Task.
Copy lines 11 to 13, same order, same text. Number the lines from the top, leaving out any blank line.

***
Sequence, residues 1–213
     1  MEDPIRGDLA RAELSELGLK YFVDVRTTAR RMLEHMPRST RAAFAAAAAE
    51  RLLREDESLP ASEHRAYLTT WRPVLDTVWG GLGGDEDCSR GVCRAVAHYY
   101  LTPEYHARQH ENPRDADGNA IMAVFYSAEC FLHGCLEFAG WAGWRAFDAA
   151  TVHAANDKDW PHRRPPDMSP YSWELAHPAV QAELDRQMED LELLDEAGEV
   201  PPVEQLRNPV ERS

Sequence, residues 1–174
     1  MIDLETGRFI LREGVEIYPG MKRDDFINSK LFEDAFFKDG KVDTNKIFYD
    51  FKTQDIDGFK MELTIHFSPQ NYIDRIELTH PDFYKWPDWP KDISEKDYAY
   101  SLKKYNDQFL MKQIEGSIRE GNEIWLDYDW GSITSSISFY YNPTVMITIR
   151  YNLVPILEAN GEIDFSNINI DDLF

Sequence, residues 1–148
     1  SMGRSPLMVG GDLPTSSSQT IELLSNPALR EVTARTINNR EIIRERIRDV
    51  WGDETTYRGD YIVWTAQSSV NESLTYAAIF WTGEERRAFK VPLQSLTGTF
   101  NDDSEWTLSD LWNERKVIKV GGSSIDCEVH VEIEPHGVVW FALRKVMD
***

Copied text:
   151  YNLVPILEAN GEIDFSNINI DDLF

Sequence, residues 1–148
     1  SMGRSPLMVG GDLPTSSSQT IELLSNPALR EVTARTINNR EIIRERIRDV